The GM rules are your friend here

You pick a GM move and then fill out the details according to what fits the move, while following your Agenda and Principles. See GMing Dungeon World: A Framework.

(When in doubt, this is always the answer to GMing decisions in Dungeon World.)

You can pick one by poking a finger blindly, but better is to pick one with a bit of thought: one that suits the recent pace of the game, or one that you haven't used in a while, or one that will change the game pace because it feels time for a change. (See Choosing a Move.)

Once you pick a move, you probably already have ideas for what's happening inside. Now start narrating that.


For example, you might choose "opportunity, with or without a cost". Then you get the idea that it will be an tense-looking card game at the only occupied table. There are seats free, but the card-players look at the entering PCs warily. You figure they could go either way: aggressive or welcoming, depending on how the players handle it (or maybe they give that table a wide berth). You narrate accordingly:

The inn is dark and smokey, and mostly empty. The one occupied table looks like a card game. The four players freeze as you enter, one with a card mid-draw, and look sideways in your direction. They're obviously wary, evaluating whether you're friends or foes or can be ignored. There are three empty chairs at their table. There four other empty tables too, one near the fireplace.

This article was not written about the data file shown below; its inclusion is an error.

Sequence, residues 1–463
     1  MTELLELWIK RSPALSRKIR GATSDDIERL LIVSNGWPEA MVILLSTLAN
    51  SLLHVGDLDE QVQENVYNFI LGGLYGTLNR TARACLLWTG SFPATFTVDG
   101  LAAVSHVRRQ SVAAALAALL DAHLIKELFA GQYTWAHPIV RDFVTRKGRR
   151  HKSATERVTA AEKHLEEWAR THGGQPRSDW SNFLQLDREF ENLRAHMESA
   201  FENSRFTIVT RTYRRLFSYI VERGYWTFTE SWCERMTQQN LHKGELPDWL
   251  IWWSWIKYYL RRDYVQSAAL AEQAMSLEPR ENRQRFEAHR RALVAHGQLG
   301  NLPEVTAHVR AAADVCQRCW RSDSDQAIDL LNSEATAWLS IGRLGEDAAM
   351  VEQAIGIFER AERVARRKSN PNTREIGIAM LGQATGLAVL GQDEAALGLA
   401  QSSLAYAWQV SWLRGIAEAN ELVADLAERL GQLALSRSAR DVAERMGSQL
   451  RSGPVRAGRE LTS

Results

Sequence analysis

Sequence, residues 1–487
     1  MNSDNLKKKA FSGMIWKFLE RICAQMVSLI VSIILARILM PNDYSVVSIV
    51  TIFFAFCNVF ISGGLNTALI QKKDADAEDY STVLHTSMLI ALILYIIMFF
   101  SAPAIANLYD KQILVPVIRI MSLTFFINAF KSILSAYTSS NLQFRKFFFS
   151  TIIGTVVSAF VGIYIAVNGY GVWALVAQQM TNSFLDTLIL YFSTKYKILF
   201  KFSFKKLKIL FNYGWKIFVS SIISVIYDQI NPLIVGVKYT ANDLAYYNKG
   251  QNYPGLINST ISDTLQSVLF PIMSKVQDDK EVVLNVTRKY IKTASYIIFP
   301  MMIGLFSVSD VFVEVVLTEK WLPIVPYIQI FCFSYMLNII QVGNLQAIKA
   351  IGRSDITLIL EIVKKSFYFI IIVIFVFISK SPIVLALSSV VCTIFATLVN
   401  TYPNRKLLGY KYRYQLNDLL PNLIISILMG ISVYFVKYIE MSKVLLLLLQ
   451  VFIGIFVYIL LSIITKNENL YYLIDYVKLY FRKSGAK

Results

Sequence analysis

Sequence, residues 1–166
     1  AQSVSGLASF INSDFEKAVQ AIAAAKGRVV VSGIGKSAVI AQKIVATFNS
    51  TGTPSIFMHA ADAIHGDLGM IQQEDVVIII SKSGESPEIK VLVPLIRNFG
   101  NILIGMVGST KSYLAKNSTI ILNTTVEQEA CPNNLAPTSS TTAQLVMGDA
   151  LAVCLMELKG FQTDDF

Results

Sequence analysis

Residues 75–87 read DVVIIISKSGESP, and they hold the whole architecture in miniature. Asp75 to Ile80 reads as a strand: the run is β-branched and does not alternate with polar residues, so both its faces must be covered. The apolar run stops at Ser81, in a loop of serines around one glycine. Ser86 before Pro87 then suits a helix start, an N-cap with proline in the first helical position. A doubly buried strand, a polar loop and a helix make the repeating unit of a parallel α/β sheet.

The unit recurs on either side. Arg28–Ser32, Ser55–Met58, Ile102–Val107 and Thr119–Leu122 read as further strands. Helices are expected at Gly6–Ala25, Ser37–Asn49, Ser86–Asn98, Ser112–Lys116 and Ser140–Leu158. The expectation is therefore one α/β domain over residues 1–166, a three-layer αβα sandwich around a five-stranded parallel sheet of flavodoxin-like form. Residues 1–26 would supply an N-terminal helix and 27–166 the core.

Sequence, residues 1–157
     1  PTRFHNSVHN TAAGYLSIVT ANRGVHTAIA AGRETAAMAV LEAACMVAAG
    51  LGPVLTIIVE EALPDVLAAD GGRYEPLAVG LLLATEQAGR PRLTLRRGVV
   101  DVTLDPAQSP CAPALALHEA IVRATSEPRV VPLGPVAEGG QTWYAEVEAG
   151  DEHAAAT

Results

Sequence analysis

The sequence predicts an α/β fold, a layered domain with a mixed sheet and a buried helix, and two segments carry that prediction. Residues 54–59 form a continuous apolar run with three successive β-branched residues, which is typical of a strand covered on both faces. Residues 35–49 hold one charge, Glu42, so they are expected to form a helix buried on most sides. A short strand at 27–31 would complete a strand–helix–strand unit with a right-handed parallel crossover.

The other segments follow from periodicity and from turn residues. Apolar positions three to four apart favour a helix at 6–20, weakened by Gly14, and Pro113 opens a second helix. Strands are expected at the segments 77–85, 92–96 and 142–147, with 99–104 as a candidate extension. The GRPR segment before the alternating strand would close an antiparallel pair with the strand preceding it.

What do you do?

Then it's up to the players.

Remember: you first job is to set up adventuresome situations for the players to choose how they respond to (that's your Agenda, “Fill the characters’ lives with adventure”), usually not to make conclusions about things they can't influence. (Save the latter for hard moves after you've set things up with soft moves, and things have gone in a dangerous direction.)

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    \$\begingroup\$ I think this would be better if it tackled head-on OP's apparent belief that there even should be such a thing as a "random encounter" in DW. That, to me, seems a core misconception. \$\endgroup\$ – nitsua60 Mar 16 '18 at 19:15
  • \$\begingroup\$ @nitsua60 How's that? \$\endgroup\$ – SevenSidedDie Mar 16 '18 at 19:28
  • \$\begingroup\$ so in DW there are no random encounters, I've seen that written, but how do you account for what the players may do. I'm guess I'm just not comfortable yet, with just deciding that the bar keep really likes the players or really hates them. seems fun to let the dice roll and see what they say. \$\endgroup\$ – kdubs Mar 16 '18 at 20:15